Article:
The land Down Under will soon have its own official body in the exploration of all that exists above our heads.
The Australian federal government has announced an investment of $50 million to help seed the formation of a national space agency. The move, expected to generate thousands of jobs, is as much a strategic one as it is fiscal.
"We are dependent on other countries who can choose their own national interest over and above ours," Kim Carr, who serves as the Labor Party's science and research spokesperson, told Australia's ABC News. "We certainly need to be able to protect our domestic interests, we need to build our industry capability and we need to secure the jobs of the future for Australia."
While many believe Australia's pursuit of its own space agency is overdue –– indeed, some 72 other space agencies exist around the world –– the country's decision to wait-and-see has not been without benefits. Thanks to the rise of private aerospace giants like SpaceX and Blue Origin, space is no longer purely the domain (or financial burden) of government space agencies. And with private investment in space startups topping nearly $4 billion last year, it's clear that Australia is keen to tap into the new collaborative aerospace industry taking shape around the world.
"The $50 million injection is a great start for setting up the agency itself," Professor Anna Moore of Australian National University told ABC. "Australia is at the perfect time to jump in and grab part of this market because it is changing. There is industry here already but it's all at a very low level, there's nothing coming up."
Australia is geographically positioned to offer low-cost launches into space. (Photo: SpaceX)
While space agencies abound around the world, only seven have full launch capabilities. Australia, however, is geographically positioned to become an attractive launch site to both public and private aerospace companies around the world. Its Northern Territory (NT), located just 12 degrees south of the equator, would enable satellites to take advantage of speed boosts from the Earth's rotation to enter equatorial orbits using less fuel.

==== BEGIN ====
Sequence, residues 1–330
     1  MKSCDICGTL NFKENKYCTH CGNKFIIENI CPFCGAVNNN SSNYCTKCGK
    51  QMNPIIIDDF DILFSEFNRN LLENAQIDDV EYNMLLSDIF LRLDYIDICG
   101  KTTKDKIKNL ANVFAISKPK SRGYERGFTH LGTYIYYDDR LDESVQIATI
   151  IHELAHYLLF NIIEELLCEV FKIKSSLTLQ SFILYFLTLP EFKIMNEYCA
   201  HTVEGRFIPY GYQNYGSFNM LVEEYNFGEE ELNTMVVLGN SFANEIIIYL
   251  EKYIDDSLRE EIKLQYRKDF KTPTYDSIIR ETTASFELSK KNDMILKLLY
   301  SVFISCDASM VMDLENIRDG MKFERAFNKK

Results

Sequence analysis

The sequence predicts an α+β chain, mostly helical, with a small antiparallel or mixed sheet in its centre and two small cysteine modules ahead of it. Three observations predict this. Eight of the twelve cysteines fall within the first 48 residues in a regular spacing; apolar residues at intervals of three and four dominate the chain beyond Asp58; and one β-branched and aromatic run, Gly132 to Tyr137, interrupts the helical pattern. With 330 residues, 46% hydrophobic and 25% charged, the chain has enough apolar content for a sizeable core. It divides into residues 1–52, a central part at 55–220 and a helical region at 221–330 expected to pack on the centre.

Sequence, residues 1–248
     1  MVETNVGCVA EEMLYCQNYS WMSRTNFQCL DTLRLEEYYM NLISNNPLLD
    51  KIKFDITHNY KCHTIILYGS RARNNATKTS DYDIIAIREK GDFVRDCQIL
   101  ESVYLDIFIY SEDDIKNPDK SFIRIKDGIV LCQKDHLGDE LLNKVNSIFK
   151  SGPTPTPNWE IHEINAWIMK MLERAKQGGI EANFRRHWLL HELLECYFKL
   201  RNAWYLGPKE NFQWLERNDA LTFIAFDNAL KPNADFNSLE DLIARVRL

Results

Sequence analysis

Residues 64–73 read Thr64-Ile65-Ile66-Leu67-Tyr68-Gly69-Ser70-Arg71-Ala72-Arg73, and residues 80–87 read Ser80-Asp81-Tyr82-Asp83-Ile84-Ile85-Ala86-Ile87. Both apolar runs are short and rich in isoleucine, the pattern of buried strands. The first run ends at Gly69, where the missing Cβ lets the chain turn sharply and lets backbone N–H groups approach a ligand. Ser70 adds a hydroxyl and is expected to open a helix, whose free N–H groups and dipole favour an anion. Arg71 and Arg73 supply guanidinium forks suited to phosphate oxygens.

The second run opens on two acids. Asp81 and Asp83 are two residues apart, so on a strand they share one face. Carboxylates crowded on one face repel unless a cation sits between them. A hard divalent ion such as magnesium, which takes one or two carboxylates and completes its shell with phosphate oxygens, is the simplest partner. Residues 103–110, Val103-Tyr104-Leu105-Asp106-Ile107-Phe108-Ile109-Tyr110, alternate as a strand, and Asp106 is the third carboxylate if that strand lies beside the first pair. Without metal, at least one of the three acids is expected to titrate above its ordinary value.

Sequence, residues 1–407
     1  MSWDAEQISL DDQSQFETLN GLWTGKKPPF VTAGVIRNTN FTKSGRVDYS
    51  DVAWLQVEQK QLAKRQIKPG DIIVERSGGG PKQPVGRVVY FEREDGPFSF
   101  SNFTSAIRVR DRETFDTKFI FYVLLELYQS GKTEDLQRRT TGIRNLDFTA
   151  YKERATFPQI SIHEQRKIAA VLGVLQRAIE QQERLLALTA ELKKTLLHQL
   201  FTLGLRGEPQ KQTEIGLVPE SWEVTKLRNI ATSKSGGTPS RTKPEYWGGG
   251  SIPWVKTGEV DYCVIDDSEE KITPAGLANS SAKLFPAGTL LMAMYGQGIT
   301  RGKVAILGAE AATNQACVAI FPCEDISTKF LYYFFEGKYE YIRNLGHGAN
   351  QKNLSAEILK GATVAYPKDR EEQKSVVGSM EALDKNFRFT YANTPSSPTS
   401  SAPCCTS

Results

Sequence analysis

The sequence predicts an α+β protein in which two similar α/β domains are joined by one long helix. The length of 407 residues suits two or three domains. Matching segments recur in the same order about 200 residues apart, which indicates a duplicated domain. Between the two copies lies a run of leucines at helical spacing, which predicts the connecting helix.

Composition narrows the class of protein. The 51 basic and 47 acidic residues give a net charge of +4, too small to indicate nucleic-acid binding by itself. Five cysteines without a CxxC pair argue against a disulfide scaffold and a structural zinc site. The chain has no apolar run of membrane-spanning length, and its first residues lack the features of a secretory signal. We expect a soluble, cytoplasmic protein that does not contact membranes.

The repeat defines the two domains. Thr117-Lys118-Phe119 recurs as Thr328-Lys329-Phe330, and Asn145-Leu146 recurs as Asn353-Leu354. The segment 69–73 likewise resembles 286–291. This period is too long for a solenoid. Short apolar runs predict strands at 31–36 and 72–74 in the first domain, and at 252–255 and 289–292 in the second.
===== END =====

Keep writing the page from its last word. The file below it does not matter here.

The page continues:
"We can access space orbit for much cheaper for the larger payload, and that's just hard to beat," NT chief minister Michael Gunner said.
One company, Equatorial Launch Australia, has already secured 150 acres of land in the Northern Territory to develop a launch site called the Arnhem Space Centre. Pending a space license, a request the new government agency is likely to help handle, the center plans on launching small satellites by the end of this year.
Seeding the future
The creation of a national space agency also gives Australia an incubator to help foster startups eager to grow into an industry estimated to be worth more than $3 trillion in 30 years. Early examples include Gilmour Space Technologies, which is developing a low-cost launch vehicle; Neumann Space, which has created a new ion engine; and Myriota, which uses micro-satellites to track everything from rain measurement to livestock monitoring. For those seeking careers in the space industry, such an agency will also help stem the dreaded "brain drain" to other countries.
"A national space agency isn't about sending people into space, it’s about creating people's jobs here in Australia," Dr Alan Duffy, a Research Fellow at Swinburne University of Technology in Melbourne, told Gizmodo. "I have spoken to countless students who want to know how they can work in the exciting space sector without having to go abroad. With a national space agency, our best and brightest can now create a future economy right here."
With seed funding in place, the next step will be to decide where the headquarters of the agency will reside. Current thinking is that Canberra, the capital and government seat of Australia, will host the primary HQ, with satellite offices in each state assisting with local development and administration.
Regardless of the details, the fact that Australia is seriously entering into 21st century space exploration is, as journalist Andrew Street writes, the "purest expression of humanity at its glorious, brilliant best."
He adds: "At a time when division, cynicism, xenophobia and anti-science dogma is at an all-time high, now would be an excellent time to inject a bit of awe and inspiration about humankind into the public discourse."